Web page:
Can you reference yourself in a research paper?
If you have made a point or conducted research in one paper that you would like to build on in a later paper, you must cite yourself, just as you would cite the work of others. For another perspective on self-citation, see Matt’s blog post, “The Northwest Passage, or Why You Should Cite Yourself Only Sparingly.”
Can you cite personal experience?
Unfortunately, personal experience is not something you can cite in an academic paper. First, let’s think about this question in terms of the purpose of the reference list, which is retrievability of the source for the reader. With personal experience, there is nothing for the reader to retrieveergo, no citation.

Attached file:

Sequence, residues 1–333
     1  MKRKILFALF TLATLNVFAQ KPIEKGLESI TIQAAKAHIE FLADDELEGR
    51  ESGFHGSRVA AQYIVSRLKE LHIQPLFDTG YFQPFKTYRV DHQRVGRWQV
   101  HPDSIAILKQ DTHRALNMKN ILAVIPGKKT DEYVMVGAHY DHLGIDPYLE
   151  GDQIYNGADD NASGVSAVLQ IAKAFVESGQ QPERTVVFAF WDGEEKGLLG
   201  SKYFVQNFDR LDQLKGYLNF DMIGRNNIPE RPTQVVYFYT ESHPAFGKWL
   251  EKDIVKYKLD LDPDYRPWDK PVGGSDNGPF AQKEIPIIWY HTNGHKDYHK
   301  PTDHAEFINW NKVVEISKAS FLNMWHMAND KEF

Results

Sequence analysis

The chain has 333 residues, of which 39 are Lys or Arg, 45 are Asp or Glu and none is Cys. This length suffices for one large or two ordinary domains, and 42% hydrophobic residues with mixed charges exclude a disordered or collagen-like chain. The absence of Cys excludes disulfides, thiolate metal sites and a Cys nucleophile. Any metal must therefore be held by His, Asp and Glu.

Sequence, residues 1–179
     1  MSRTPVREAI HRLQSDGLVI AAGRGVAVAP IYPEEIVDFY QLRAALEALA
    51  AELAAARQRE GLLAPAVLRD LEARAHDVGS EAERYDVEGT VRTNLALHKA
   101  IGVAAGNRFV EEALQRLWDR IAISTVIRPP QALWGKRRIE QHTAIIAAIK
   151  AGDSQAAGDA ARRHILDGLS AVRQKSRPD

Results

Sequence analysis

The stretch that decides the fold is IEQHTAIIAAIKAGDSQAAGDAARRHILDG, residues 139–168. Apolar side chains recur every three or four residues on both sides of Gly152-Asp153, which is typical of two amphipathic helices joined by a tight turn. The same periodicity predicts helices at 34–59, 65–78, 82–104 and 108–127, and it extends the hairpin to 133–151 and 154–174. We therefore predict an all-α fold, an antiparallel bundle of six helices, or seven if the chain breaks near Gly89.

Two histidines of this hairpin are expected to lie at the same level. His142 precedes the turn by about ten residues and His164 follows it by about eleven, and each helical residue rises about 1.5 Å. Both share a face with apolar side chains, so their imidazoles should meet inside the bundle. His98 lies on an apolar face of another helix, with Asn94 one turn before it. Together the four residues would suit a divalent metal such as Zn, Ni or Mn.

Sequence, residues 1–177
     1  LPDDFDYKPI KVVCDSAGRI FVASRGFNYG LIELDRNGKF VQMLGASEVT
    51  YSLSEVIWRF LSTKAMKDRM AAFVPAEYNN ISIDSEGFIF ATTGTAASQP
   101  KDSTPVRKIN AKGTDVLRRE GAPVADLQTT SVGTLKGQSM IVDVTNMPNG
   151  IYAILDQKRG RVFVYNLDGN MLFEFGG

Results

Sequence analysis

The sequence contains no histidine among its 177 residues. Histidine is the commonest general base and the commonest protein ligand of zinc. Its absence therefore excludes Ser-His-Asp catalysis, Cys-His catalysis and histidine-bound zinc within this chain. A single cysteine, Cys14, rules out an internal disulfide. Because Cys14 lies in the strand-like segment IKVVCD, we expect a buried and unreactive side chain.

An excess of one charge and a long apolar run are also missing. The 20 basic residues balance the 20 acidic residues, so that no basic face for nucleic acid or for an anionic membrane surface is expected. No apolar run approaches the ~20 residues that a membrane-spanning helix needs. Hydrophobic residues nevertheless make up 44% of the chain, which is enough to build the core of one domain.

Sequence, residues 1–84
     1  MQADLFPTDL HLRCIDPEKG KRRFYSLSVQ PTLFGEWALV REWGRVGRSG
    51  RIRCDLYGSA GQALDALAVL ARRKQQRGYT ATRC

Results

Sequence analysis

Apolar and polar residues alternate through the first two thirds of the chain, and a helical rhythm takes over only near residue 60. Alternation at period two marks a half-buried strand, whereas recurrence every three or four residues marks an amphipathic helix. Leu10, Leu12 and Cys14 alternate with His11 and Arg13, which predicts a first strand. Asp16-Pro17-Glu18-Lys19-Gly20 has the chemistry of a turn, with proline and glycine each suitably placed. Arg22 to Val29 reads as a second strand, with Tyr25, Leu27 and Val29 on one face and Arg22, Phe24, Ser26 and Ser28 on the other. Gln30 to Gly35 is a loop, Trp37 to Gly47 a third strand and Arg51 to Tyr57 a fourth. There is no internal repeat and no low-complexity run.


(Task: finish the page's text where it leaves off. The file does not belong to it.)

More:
How do you cite yourself in an essay?
Bottom Line: When citing yourself, in whichever style you are utilizing, cite in-text citations to identify yourself as the author. On your Works Cited Page (MLA) or Reference List (APA), identify yourself as the author using the format for an unpublished paper (or published, if you have published it!)
Can you use personal anecdotes in a research paper?
It’s natural to think of a personal anecdote as an introduction to a personal narrative, but stories and anecdotes can be effective introductions to any kind of paper. The following anecdote introduces a research paper on vegetarian and vegan diets.